Trump's tweet comes a day after Apple put out a press release describing the money it spends on U.S.-based suppliers and vendors.Technologyread more
President Donald Trump held a call on Wednesday with the CEOs of three major U.S. banks, according to people with knowledge of the situation.Marketsread more
Benefits from what President Trump called "the biggest reform of all time" to the tax code have dwindled to a faint breeze just 20 months after its enactment, writes John...Politicsread more
Epstein, 66, was found in his cell in Manhattan federal lockup Saturday morning and transferred to a nearby hospital, where he was subsequently pronounced dead.Politicsread more
Air travelers faced delays at U.S. airports on Friday afternoon after a computer issue snarled processing of international arrivals.Airlinesread more
Daniel Povey, a professor who was fired by Johns Hopkins University, said he will no longer go work at Facebook after the company asked him to work as a contractor while it...Technologyread more
Markets would like Fed Chairman Jerome Powell to clarify whether the Fed sees itself at the beginning of a serious, longer-term rate cutting cycle.Market Insiderread more
In comparative terms, CEOs now make on average 278 times the average worker's salary, according to the Economic Policy Institute.Executive Compensationread more
The former cellmate's lawyer, Bruce Barket, told NBC that officials at the jailhouse said in an email that Tartaglione would face no charges or internal discipline now that...Politicsread more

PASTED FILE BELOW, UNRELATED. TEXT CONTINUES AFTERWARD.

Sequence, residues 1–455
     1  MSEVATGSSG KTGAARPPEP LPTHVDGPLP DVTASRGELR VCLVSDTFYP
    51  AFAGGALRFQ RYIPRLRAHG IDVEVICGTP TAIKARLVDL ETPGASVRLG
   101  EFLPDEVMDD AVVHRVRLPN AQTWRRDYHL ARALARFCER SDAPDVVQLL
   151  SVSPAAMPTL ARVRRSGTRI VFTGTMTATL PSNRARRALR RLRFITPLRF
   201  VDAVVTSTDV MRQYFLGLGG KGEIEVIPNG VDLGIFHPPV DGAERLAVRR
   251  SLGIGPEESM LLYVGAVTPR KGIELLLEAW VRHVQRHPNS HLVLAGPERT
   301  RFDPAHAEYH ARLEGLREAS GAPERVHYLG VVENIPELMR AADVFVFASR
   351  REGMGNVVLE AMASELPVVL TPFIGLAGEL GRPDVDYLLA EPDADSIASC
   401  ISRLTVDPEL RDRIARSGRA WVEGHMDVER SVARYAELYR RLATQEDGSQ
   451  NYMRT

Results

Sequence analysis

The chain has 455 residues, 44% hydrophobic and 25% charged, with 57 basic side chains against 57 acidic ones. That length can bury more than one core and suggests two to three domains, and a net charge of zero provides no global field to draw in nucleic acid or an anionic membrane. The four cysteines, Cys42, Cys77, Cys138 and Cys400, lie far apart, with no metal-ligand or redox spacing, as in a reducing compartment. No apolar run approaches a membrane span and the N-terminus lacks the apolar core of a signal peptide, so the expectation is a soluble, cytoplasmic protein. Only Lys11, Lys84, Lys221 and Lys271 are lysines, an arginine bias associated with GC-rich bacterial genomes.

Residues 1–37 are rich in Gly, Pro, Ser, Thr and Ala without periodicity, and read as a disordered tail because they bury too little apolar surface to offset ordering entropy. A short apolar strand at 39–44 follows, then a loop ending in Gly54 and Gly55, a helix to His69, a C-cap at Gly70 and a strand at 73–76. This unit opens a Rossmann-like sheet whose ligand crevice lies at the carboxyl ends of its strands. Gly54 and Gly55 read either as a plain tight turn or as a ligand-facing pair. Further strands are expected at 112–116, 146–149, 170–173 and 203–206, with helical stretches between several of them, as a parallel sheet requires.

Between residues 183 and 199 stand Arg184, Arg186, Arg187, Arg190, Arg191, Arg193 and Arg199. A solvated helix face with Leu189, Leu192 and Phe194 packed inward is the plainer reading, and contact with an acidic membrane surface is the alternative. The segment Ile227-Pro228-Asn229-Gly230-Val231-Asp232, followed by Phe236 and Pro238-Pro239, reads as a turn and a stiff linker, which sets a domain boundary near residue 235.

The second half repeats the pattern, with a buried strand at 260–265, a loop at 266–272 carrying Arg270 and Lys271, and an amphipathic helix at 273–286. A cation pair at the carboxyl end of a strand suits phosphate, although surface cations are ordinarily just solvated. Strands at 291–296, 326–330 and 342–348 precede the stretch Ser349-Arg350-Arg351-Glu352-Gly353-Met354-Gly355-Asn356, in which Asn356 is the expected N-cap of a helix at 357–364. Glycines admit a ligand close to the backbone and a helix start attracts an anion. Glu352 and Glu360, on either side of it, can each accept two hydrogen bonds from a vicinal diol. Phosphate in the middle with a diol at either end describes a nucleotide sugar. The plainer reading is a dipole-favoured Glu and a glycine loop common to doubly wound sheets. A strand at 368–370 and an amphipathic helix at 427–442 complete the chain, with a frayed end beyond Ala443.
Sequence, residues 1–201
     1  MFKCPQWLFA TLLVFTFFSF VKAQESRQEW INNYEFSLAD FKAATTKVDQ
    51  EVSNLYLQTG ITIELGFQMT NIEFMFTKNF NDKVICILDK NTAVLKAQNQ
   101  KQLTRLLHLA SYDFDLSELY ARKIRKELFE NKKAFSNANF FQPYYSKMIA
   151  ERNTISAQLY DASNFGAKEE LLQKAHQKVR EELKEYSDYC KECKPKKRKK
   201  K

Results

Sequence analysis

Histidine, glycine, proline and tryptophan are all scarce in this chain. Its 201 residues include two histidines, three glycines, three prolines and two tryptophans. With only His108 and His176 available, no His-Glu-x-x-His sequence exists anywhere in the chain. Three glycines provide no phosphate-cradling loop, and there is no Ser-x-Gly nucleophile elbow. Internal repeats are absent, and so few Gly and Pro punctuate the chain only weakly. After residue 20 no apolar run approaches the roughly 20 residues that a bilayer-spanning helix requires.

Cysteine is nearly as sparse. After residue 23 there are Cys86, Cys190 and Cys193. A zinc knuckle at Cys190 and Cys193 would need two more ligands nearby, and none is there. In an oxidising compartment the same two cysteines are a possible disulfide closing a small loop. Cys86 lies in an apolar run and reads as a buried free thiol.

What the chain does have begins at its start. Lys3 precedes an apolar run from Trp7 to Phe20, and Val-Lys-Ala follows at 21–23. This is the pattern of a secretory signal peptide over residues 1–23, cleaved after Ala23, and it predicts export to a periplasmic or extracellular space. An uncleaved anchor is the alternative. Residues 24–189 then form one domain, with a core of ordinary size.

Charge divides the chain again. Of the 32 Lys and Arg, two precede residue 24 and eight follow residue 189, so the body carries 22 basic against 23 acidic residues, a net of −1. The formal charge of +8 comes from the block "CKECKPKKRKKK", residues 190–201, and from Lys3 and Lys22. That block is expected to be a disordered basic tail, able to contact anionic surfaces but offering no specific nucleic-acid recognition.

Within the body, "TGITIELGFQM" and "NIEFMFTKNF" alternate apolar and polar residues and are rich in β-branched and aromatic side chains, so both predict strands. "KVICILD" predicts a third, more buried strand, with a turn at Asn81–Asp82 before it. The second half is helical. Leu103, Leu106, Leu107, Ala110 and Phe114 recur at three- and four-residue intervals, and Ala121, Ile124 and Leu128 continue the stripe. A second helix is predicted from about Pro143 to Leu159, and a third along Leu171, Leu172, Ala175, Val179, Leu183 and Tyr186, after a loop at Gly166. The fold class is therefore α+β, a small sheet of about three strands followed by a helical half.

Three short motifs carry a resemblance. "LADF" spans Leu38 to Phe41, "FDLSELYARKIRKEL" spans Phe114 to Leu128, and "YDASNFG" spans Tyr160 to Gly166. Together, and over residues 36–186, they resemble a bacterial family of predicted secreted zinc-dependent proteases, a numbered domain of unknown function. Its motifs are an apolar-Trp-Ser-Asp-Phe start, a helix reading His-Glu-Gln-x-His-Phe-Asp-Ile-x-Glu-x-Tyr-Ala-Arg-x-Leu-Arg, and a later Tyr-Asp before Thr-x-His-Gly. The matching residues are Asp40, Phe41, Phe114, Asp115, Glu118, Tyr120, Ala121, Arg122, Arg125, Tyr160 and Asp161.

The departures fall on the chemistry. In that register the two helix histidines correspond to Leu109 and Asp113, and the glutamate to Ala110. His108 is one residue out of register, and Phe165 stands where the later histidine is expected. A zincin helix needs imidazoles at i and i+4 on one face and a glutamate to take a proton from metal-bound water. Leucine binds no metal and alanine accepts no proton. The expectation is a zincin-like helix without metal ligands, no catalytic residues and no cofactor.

Roger Stone and the Department of Justice have been sparring for a month over whether jurors can be shown a 4-minute-and-20-second clip from the film.Politicsread more
As part of his new proposal to combat hate and violence, O'Rourke wants to make social media companies liable for users' hateful content.Technologyread more
The end of the Fed's easy-money policy is a primary concern among high net worth clients, Morgan Stanley Wealth Management's global head of alternative investments said Monday.
"I think with the end of quantitative easing, they're being much more concerned about volatility, and they're starting to embrace illiquidity again," Colbert Narcisse said on CNBC's "Halftime Report. "
Narcisse said that there has been "a tremendous increase" in private equity flows and toward hedged assets. "So, I think they're trying to figure out a way to dampen the volatility and also provide some portfolio diversification."
Interest rate increases from the Federal Reserve would probably come in the first or second quarter of 2015, Narcisse added, prompting some investment abroad.
"We still think there are tremendous opportunities in the U.S. It's the biggest, broadest market," he said. "But we're also starting to see some interest in Western Europe. So, the banks aren't necessarily deleveraging, but we're starting to see opportunities in real estate and other, sort of, nonperforming assets."
Narcisse, who was previously CEO of Gold Bullion International, said that there were "still opportunities" in gold as a safety trade there. "But I think there are other things that could provide for clients, especially with their need for income, in this market environment."
With a fund comprising 56 percent equities, 22 percent alternatives, 19 percent bonds and 3 percent cash, Narcisse said that the eventual end of QE necessitates a look at investment areas other than in stocks.
"I think there a number of people who think equities have been overvalued. It's been a nice run fueled by interest rates," he said. "The party's going to end. The party always ends. We want it to end softly, though."